In 2000, just a few hours past the dawn of the new millennium, American culture stood on a cusp, though it did not know it.
The late 90’s saw a wave of postmodern feminism (yes, this is going to be one of THOSE posts) that I look back on with nostalgia. We had Buffy. We had Scully. We had Tank Girl. We had L7 and Poe, Veruca Salt and other snarly girl bands.
We had females DOING things, speaking their minds, making mistakes, trying and failing; granted, it wasn’t perfect, but it was stumbling, staggering, and shuffling towards that equality that feminists of the previous 100 years had dreamed of.
Charlie’s Angels was an exponent of that time, almost more so than the subsequent Kill Bill movies, and here’s why:
Charlie’s Angels, for all the glitter nail polish, high heels, explosions, and bouncing boobs, acknowledged the ridiculousness of the action genre by allowing women to take part in it the same way that men did. Plain and simple, it showed that women could be as witless in movies as their male counterparts.
For example: take any action movie that preceded it, and look at the cliches. The bad guys are terrible shots, go down with one punch, may be blown up but are never hurt in a way that humanizes them (ie broken limbs, etc.), attack one at a time, posture, but are less competent than your average frycook.
The good guys never miss, can do ridiculous stunts, have 12-foot vertical leaps, can punch through concrete, and have encyclopedic knowledge of Earth and all its contents. Most importantly, they never look bad: with one exception (played for laughs) their hair and makeup is always perfect. Just like in the boys’ movies, where the protagonist can be shot at, beaten up, fall out of a helicopter into a volcano, fight their way through a herd of buffalo and look elegantly rumpled, so too the girls of Charlie’s Angels are always sleek and poised. After a couple kung fu go-rounds with the baddies, the most disheveled they get is that ‘just been fucked’ look.
And really–for a tom boy girlified enough to like the accoutrements of beauty and fashion, what better movie is there than Charlie’s Angels? The main characters are capable, intelligent, and violent when necessary. It’s just plain awesome.
Of course, for anyone even marginally aware, the last decade has seen a bizarre return to 1955’s gender roles. Commercials would have you believe that women need men to do math and open the pickle jar, and that men are barely civilized savages who only wear pants and use utensils if women are around to nag them into it. Plain and simple, it’s bullshit.
I know women who are so slovenly in their household affairs you’d consider calling the health department, and men so neat and tidy (gay AND straight) you could perform brain surgery anywhere in their home without fear of contagion. I know women with no social skills, men afraid of snakes, women who lift weights, men who wax, women who hate children, and men who daydream about changing that first diaper. When people begin sentences with ‘Well, girls are naturally. . .’ or ‘Little boys always. . .’ my hackles begin to raise and a host of anecdotal evidence lines up for reference in my mind.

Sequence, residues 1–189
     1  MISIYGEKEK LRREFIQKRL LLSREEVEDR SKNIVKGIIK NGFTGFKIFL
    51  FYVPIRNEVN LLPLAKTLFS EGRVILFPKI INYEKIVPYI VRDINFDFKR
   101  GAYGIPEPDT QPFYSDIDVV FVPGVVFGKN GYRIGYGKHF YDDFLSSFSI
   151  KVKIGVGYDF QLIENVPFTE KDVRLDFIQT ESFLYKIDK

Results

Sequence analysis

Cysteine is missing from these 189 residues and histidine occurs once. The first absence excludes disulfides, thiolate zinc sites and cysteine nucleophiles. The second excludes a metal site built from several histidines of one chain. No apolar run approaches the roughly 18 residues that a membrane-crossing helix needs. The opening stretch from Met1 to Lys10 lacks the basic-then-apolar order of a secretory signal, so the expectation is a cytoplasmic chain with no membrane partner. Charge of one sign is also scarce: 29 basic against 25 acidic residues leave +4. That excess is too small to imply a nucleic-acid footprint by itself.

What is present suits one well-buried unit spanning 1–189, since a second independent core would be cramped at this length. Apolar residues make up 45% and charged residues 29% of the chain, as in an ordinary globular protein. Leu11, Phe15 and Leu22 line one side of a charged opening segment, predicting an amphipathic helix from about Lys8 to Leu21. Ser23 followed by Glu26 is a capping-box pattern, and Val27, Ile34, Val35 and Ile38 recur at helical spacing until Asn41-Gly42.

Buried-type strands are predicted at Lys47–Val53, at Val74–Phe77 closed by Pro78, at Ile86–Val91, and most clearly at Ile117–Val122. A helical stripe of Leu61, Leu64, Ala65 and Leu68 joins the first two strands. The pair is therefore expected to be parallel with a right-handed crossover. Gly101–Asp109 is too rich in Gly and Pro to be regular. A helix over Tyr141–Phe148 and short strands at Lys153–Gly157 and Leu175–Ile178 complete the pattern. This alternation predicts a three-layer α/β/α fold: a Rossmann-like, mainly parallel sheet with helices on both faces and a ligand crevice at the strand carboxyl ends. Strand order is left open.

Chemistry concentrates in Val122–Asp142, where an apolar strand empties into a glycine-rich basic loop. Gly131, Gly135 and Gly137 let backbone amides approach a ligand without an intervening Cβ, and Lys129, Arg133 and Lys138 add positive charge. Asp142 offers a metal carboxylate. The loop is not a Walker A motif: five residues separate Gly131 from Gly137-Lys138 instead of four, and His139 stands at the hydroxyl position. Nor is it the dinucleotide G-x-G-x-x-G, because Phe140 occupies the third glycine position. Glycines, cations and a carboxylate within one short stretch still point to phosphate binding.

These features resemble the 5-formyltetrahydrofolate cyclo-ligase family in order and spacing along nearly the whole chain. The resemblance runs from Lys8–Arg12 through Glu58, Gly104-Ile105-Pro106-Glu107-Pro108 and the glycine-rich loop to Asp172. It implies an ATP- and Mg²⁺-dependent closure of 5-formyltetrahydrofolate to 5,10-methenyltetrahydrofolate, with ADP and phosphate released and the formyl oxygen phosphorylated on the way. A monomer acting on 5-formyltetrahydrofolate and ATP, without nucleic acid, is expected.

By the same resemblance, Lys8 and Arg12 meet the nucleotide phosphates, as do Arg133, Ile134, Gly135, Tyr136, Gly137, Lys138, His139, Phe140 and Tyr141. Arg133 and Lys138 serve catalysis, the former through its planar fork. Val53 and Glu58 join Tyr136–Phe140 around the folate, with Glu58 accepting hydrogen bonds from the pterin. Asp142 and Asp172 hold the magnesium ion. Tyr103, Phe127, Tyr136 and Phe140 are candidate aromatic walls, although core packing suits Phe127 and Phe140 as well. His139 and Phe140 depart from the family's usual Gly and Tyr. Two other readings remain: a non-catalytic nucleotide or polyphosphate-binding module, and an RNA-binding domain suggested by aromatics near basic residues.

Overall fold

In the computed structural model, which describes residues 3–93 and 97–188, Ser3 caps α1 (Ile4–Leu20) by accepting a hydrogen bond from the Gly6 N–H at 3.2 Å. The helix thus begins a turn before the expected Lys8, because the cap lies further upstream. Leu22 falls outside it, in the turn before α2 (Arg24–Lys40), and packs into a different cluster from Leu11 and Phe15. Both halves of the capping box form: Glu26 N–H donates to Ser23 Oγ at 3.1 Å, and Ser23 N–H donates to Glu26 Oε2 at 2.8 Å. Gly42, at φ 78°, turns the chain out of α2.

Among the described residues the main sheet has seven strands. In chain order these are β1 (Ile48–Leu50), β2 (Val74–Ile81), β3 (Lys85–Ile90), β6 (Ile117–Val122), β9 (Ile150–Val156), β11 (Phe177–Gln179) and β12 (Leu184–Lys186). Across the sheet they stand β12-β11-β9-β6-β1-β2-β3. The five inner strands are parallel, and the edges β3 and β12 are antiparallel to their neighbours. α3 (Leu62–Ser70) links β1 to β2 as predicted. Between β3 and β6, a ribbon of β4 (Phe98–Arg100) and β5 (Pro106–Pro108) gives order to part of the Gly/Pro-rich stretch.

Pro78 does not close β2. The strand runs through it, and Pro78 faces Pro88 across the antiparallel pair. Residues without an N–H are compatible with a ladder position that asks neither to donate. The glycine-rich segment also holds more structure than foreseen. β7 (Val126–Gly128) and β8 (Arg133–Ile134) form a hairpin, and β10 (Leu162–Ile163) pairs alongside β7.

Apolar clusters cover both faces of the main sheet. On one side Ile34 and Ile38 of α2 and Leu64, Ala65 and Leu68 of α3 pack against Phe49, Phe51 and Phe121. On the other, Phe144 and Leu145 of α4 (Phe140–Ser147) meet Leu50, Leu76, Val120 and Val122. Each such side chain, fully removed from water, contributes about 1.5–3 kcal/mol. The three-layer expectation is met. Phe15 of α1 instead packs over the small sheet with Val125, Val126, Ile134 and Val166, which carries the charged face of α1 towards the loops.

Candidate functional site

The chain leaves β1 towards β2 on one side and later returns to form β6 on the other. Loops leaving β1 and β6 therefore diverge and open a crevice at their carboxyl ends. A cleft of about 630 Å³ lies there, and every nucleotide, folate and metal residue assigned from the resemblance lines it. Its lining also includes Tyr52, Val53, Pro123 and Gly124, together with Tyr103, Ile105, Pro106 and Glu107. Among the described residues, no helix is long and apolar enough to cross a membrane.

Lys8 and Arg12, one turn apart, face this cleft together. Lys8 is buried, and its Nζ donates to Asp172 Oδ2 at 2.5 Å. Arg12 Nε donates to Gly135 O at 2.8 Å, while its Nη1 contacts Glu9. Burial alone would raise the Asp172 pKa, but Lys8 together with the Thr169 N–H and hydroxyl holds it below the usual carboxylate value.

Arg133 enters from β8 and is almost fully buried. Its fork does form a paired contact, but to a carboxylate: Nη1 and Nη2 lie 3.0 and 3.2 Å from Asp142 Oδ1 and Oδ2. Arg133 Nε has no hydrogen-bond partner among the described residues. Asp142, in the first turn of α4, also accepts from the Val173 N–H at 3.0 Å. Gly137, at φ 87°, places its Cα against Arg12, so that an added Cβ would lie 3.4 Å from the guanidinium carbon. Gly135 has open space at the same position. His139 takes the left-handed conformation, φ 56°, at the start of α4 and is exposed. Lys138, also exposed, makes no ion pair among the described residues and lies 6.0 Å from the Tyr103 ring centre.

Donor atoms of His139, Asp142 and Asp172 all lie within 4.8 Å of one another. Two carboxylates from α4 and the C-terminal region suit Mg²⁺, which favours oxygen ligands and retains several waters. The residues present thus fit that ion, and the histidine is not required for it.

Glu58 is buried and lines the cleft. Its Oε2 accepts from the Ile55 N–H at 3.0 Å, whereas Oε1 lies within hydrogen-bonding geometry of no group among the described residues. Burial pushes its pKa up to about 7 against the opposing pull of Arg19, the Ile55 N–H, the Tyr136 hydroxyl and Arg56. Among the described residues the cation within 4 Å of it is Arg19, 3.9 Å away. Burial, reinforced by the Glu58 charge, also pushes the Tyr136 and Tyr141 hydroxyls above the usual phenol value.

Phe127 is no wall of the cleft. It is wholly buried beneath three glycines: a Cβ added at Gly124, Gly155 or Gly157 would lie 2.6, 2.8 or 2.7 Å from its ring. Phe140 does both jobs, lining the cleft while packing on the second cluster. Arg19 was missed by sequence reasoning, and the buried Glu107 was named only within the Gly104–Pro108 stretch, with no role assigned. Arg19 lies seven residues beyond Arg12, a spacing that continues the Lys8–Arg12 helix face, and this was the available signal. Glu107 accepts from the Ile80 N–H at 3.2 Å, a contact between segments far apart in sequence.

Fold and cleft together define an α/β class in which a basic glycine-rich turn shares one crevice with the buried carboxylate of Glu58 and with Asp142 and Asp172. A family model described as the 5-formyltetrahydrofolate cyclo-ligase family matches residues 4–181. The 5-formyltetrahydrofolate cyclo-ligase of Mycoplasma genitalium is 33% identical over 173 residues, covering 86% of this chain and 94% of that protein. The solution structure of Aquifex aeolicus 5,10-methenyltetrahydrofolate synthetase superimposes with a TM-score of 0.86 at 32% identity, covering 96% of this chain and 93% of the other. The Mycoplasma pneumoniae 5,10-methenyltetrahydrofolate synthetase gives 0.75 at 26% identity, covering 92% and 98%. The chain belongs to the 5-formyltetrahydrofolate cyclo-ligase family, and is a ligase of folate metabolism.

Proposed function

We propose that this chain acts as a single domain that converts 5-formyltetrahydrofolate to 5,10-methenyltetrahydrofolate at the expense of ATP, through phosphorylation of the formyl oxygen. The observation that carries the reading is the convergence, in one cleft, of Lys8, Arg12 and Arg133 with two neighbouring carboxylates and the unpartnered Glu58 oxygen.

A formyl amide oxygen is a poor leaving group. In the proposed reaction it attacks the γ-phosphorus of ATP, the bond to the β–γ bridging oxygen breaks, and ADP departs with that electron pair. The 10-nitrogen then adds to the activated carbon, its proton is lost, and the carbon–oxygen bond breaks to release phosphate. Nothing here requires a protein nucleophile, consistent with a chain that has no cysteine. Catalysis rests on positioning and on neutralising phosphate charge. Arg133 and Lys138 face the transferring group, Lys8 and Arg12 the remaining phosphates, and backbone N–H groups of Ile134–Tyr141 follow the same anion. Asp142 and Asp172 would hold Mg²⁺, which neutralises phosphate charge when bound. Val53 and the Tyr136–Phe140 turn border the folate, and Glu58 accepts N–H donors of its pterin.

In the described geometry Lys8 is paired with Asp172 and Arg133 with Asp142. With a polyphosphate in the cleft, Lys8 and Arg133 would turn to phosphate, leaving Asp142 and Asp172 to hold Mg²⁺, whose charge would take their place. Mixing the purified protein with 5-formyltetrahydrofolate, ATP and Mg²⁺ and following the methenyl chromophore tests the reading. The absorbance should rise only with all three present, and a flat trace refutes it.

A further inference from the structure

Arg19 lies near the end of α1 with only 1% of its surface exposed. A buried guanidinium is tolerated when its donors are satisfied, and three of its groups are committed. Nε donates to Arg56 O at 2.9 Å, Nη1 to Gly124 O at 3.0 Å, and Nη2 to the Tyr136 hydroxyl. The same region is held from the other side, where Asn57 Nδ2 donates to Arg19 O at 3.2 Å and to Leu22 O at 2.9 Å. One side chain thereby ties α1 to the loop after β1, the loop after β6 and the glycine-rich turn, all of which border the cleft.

Unless you are speaking about biology, gender doesn’t matter a whole lot to the individual; but it matters to the masses, and this is where enculturation comes in. Think of the boys’ and girls’ toy aisles in the store: teaching males to be ‘boys’ and females to be ‘girls’ begins at a very young age, even before children are mobile. Hell, it practically begins in the womb, with people showering pink and blue gifts on people.
But I digress. I was talking about how much fun Charlie’s Angels is.
Because I like watching movies where women DO things rather than ARE things. The Angels, although directed by the ever-unseen Charlie, are more proactive in the investigation, following threads and formulating theories (however convoluted they might be) to the final showdown with the bad guy.
The other thrill that Charlie’s Angels presented the world was Crispin Glover’s return to mainstream cinema.
I was sitting in the theater, agonizing over why the Creepy Thin Man was so familiar, when my friend leaned over and informed me that it was none other than George McFly, from Back to the Future.
“But that’s impossible,” I thought. “That movie came out like 20 years ago and he looks about 25!”
He was about 35, actually. Which, since I am not too far away from that myself, doesn’t seem that huge a difference. But still. A well-kept 35, to be sure.
Man, I had a crush on him for like 2 years after that.
Anyhoodle, Charlie’s Angels was followed by the slightly less fun Full Throttle, which was only lessened by the enormous expectation set up by the first fun-filled film.
I think the most fun thing about Charlie’s Angels is the simple camaraderie of the 3 lead actresses. No backbiting, no veiled criticisms of each other, no snark; literally just 3 people who get along very well but for a few quirks and function as a well-oiled machine.
There just aren’t enough high-level movies where women respect each other and get along. For Christ’s sake, we comprise HALF the world population, getting along with each other and learning not to compete for some dude’s attention shouldn’t be this hard. For reals.